In his regular column for French News Online "Lifestyle"
Section, professional gardener Mike Alexander, marks the coming
of winter as he tackles his autumn tasks.
Gravity becomes more apparent with age!
January for me will always mean pruning.
Years ago, when I first started working in horticulture, I was
employed by a landscape architect who did a lot of tree surgery
and so when I wasn't building and planting gardens I was nearly
always bounding up one tree or other in an appropriately agile
In those days I was much more comfortable up tall trees than I
am today. For now I find myself less and less inclined to do the
really high work. I attribute this to the greater wisdom and experience
that comes with age
. but some of my colleagues have suggested
-- rather cruelly in my opinion -- that it likely has to do with
increased gravitational pull directly related to expansion in
my personal surface area. No amount of explanation about Newton's
theories will persuade them to believe otherwise. Fortunately
today, with only a couple of now rather under-pruned exceptions,
most of the pear and apple trees I tend are of a fairly manageable
size for one -- and here I bow gracefully to the situation - indeed
experiencing the impact of increased gravitational pull.
Another tree I will be pruning in the coming weeks is the quince
(coings in French). Before coming to France I did not have a lot
of experience with this fruit tree other than its role as a root
stock for most of the modern apple cultivars. Now I come across
coings quite regularly and they impress me more and more.
I had always regarded their fluffy pear-shaped fruit as rather
bland and unappetizing to eat but my French partner, whose ability
to make a gourmand delight out of just about anything apart from
driftwood, has changed my opinions on that. Quince make delicious
jelly, are great chopped up and roasted like a vegetable or excellent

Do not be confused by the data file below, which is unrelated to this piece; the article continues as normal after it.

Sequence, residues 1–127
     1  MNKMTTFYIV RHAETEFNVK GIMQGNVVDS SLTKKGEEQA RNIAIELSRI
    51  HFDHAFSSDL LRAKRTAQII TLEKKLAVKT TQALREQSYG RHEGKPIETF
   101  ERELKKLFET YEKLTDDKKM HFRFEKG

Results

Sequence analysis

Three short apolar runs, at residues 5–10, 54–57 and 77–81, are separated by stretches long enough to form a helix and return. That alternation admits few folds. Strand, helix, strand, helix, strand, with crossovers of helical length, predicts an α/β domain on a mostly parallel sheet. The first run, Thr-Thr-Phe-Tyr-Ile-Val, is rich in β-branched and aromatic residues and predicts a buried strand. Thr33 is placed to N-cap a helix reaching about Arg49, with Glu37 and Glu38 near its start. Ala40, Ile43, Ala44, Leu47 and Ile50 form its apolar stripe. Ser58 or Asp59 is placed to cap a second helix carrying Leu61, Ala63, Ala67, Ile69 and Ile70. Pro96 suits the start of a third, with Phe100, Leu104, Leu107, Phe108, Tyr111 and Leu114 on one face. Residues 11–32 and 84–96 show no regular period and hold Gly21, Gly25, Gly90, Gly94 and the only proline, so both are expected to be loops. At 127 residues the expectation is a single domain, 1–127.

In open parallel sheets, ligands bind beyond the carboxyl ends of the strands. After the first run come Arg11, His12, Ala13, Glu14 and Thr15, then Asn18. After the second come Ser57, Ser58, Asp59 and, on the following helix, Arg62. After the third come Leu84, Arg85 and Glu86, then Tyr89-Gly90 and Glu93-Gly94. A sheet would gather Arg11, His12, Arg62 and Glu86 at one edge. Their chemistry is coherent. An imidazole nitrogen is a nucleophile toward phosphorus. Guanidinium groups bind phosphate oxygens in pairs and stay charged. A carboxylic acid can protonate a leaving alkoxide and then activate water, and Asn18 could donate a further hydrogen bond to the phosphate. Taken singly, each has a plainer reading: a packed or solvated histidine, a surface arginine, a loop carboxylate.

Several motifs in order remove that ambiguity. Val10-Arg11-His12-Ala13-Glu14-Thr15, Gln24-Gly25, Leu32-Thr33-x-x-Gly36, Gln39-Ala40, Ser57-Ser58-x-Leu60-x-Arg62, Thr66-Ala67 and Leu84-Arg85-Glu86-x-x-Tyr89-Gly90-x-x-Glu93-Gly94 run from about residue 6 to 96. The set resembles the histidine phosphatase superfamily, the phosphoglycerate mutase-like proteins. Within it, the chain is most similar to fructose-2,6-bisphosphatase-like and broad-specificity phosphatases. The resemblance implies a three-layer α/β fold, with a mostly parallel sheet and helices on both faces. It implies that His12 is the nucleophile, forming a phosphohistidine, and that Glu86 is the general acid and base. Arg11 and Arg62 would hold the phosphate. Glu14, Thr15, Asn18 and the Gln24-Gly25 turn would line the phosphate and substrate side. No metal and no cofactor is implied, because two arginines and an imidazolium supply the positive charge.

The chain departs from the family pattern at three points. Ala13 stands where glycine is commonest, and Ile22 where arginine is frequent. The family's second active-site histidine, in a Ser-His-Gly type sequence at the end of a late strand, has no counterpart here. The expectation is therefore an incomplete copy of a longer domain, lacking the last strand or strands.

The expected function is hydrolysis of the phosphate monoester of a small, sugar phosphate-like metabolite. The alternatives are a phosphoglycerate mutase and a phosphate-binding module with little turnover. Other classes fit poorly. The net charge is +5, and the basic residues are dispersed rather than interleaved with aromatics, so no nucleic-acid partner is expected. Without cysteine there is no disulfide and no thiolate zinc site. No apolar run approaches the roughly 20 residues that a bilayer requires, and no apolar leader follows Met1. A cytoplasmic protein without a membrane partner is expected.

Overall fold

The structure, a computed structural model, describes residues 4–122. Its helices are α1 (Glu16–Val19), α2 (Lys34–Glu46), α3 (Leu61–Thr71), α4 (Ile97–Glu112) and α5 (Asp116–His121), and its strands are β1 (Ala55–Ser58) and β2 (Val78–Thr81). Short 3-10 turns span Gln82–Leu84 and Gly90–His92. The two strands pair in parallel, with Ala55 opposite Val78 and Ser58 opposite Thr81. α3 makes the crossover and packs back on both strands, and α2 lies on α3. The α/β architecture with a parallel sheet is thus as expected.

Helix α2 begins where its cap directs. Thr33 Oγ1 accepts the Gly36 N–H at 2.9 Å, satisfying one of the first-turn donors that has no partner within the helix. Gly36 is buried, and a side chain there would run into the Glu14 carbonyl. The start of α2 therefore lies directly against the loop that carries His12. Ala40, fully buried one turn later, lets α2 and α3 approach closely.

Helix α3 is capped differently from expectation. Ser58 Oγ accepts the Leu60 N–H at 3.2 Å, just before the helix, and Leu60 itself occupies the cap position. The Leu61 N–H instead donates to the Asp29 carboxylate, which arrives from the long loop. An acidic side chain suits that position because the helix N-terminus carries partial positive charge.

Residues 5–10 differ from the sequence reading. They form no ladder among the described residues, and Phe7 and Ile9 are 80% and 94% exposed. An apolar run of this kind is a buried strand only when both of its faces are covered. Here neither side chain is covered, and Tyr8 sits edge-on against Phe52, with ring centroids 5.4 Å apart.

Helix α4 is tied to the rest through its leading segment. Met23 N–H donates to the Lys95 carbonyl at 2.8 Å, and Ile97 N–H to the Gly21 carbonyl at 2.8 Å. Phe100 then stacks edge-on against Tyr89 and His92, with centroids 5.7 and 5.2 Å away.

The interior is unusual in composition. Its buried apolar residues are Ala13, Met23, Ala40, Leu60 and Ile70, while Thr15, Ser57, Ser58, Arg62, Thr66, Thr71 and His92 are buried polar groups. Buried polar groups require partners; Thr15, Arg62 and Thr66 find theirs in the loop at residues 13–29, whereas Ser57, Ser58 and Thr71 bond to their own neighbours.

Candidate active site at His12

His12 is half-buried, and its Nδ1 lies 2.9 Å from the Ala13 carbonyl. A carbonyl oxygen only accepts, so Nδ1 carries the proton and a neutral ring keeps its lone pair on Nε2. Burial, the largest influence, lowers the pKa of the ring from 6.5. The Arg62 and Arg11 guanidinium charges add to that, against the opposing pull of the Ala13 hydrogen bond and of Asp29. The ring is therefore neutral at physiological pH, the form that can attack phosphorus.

when turned into pate de fruit.
For me though, their utility extends further to their use as
an ornamental tree. With minimal pruning they can be kept to a
nice shape which does not become too overpowering and when in
flower they give off a scent that seems to permeate the surrounding
area with a fresh smell not unlike that of recently picked apples.
In other parts of the garden things will be looking somewhat sorry
for themselves. Even grasses like Stipa and Molina which have
provided some interest and movement over the winter will be looking
ragged and should be cut back now, as should any other perennials
that may be looking worse for wear. The stalwart evergreen shrubs
suddenly start to really prove their worth which is why good designers
aim for a balance between shrubs, perennials and annuals when
drawing up planting plans. Variegated
and lime coloured evergreens such as Choisya ternata 'Sundance',
Eleagnus pungens 'Maculata' and Aucuba japonica 'Varieagata' which
may have been much maligned for the rest of the year suddenly
provide a welcome visual relief in what might otherwise be a very
grey and bland landscape.
Choisya ternata - 'Sundance'
As for a climber in winter, it is hard to beat Jasminum nudiflorum
which if cut back hard each spring will give welcome yellow flowers
through most of the colder months.